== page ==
EE has apologised for a network outage that began affecting its customers' 3G and 4G connections yesterday evening.
The problems started at around 7.30pm on Wednesday, and continued to affect some customers at the time of publishing on Thursday morning. While users continue to voice their dissatisfaction on Twitter, EE says the problem has now been fixed.
A statement from EE said: "Last night's technical issue that caused a small proportion of our customers to experience problems with their signal has been resolved and all customers are now receiving a normal service. We apologise for the inconvenience caused to those customers affected."
There seems to be some Gremlins in the system - we're aware of a network outage at the moment & working hard to fix. pic.twitter.com/MDQHO3vURY— EE (@EE) March 19, 2014
An EE spokesman told V3 that the outage affected a "single digit" percentage of customers, and advised anybody still experiencing problems to turn their handsets off and on again.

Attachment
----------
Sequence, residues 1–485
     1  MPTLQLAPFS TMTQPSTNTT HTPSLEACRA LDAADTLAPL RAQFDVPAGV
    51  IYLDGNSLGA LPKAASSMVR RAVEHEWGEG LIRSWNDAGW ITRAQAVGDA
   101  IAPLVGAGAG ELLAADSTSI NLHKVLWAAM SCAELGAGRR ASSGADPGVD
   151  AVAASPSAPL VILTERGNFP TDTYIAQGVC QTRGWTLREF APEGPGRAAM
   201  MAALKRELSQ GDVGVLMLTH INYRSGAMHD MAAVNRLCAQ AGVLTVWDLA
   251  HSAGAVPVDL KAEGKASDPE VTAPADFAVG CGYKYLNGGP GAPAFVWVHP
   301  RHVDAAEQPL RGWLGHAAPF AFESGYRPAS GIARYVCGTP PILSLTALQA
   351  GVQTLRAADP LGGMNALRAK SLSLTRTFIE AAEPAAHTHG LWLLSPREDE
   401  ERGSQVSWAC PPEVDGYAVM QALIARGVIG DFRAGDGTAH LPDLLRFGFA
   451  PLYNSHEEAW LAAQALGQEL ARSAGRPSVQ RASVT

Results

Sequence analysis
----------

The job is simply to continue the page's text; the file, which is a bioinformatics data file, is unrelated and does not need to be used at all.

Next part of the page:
But customers are still sending a steady stream of tweets calling on EE to help, as many claim to still be experiencing problems with their 3G and 4G connections.
@EE Can I speak to the bear please?— Phil Gibson (@philgibson01) March 19, 2014
So still no @EE phone service. Please can I have it back for the weekend? Important Maid of Honour duties to fulfill!!— Karen Cross (@KazCrossy) March 20, 2014
EE now faces stiff competition from the UK's other major mobile network providers, all of which now offer 4G services. EE initially had a head start in the 4G race in late 2012, with rivals O2, Vodafone and Three only catching up through the middle and end of 2013. At last count, EE had two million customers using its 4G services.
The firm is now also offering tariffs for businesses looking to offer 4G services to workers on the move, although prices for this service remain fairly high for smaller companies with 4G aspirations.
Nonetheless, EE claims 75 percent of its SME customers have upgraded to 4G services, showing the service's increasing popularity.
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